The Wirrabara Town Hall is rarely used these days. It is split into two main spaces – the original hall, built sometime in the early 20th Century and a small recreation hall with adjoining kitchen probably constructed sometime in the 1960’s. Within the smaller hall, there are shafts of golden sunlight spreading across the floor but the expected warmth is virtually non-existent. It is incredibly cold in this space, the adjoining foyer and larger hall. Within these cold, enclosed spaces and shut off from the empty main street of Wirrabara, it feels as though as I am a little further removed from the world.

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Wirrabara Town Hall – main hall space. July 2016.

A border of gold paint frames the stage of the main hall and deep blue and black velveteen curtains drape across the stage. Florescent lights and ceiling fans are suspended from a ceiling consisting of beautiful pressed tin panels. To the rear of the hall above the main doors is an elevated projection room. Overall, the hall is in immaculate condition – giving an impression that it’s hardly been used in a very long time. There are some indications that the hall may have been used recently – such as a box of children’s toys and books to the rear of the hall, however this is certainly an anomaly. Behind the curtains of the stage is an old piano (recently retuned – another indicator of recent visitors?), upon lifting the piano’s lid I notice its prominently chipped keys suggesting plenty of use over the years.

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To the rear of the stage area is a large overhead speaker protruding from the rear wall and appearing to be fixed to a canvas petition. It’s a peculiar looking thing – a huge magnet and voice coil enclosed in a solid wooden box with a square shaped diaphragm. The wooden box has a sticker on it indicating that the speaker was purchased from ‘Benbow Amusements’ with ‘Gladstone’ written below (Gladstone is a town about 30km south of Wirrabara). It’s difficult to place the vintage of such a strange looking loudspeaker, though the 1940’s and 50’s come to mind.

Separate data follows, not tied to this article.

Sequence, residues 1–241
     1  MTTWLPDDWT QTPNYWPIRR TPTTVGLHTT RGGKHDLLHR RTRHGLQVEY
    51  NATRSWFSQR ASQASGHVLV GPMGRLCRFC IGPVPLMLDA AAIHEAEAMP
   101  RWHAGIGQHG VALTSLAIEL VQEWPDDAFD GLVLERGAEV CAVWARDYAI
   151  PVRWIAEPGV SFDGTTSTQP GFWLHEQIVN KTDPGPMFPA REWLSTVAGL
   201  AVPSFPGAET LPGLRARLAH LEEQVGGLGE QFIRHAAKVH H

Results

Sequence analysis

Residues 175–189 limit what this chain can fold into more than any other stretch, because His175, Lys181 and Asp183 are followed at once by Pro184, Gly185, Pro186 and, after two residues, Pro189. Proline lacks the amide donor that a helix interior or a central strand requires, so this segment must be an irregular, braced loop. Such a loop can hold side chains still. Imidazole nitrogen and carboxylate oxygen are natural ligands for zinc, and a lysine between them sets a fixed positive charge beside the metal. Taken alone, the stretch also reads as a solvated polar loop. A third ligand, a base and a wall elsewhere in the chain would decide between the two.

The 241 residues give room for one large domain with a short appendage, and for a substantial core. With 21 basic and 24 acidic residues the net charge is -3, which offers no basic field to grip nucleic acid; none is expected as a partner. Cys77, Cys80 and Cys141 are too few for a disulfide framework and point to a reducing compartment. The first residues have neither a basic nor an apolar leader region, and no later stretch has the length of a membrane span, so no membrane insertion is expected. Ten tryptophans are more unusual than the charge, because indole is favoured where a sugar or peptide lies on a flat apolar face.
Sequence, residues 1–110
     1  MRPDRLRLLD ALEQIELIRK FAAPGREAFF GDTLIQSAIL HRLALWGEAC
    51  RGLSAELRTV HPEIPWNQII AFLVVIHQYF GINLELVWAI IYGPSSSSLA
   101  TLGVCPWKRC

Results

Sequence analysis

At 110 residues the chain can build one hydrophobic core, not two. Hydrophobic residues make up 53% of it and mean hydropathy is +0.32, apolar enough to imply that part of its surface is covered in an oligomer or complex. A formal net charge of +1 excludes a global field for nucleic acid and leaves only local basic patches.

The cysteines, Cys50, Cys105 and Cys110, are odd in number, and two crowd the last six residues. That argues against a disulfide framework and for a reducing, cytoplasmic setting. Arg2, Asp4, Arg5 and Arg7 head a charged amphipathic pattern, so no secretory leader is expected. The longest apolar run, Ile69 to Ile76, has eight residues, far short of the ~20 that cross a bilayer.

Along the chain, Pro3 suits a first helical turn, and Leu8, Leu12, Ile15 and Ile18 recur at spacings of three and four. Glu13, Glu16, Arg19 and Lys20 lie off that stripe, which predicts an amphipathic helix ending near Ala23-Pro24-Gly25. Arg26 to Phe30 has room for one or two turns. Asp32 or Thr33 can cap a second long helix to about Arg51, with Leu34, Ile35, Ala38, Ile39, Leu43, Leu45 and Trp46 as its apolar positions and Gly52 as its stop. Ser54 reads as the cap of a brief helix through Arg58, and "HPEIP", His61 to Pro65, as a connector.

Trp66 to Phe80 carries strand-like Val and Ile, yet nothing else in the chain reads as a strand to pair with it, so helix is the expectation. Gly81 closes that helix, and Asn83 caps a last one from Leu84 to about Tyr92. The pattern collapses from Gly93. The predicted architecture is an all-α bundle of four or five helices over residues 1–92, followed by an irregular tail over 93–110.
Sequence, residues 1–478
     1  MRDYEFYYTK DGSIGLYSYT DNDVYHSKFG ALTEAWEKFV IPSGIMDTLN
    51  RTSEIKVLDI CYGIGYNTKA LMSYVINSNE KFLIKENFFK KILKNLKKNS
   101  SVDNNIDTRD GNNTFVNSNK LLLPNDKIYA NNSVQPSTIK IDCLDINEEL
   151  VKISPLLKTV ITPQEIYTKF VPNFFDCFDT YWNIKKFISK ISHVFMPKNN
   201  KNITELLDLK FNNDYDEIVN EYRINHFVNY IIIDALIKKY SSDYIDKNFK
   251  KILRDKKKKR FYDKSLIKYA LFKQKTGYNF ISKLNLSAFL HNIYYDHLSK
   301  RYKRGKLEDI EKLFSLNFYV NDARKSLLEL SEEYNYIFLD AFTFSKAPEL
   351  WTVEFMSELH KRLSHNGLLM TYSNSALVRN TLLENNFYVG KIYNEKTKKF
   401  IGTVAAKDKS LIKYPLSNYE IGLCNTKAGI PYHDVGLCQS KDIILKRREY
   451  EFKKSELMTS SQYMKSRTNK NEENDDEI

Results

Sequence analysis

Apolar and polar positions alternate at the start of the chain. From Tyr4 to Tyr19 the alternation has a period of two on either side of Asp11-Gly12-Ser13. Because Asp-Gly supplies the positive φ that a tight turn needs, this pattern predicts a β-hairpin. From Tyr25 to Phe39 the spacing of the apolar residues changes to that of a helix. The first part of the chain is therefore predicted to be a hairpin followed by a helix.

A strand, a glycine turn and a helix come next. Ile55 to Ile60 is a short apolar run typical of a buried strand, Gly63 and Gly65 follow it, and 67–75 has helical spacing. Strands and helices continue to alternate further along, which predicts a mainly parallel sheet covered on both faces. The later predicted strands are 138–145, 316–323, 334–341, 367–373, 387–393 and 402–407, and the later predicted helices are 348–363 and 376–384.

I make a sound recording of the main Town Hall space, positioning the hand-held device on the lectern so as to capture the ambience of the space from the stage. The discrete buzz of fluorescent lights provide a hushed continuum as incidental sounds from the building and outer periphery materialise: the creak of the roof in the sun, a whisper of wind, the muffled trill of a magpie, a passing vehicle, an unidentifiable murmur, a rustle of trees.

It’s a quiet world out/in here.

Later this/next week: PART 3 – Wirrabara Forest and other locales.

 

Orbits: excerpt of today’s recording – 30th April 2016

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Listen below (via YouTube)

From my notebook:
9:25am – 10:25am
Recorder positioned with L (north), R (south)
Town Hall bells chime at 9:30am, and periodically every 15 mins.
Lots of sporadic traffic on Pirie Street (trucks, rattling engines)
Construction to building to the south. Frequent sounds of drilling and hammering. Becomes less frequent in the final 15 mins of recording.
First tram passes on King William Street at 9:47am
Nice organ harmonies at 9:53am
Nice low resonances at 10:07am
Patter of leaves blowing at either end of walkthrough

Pedestrians – on foot: 33
Bikes: 4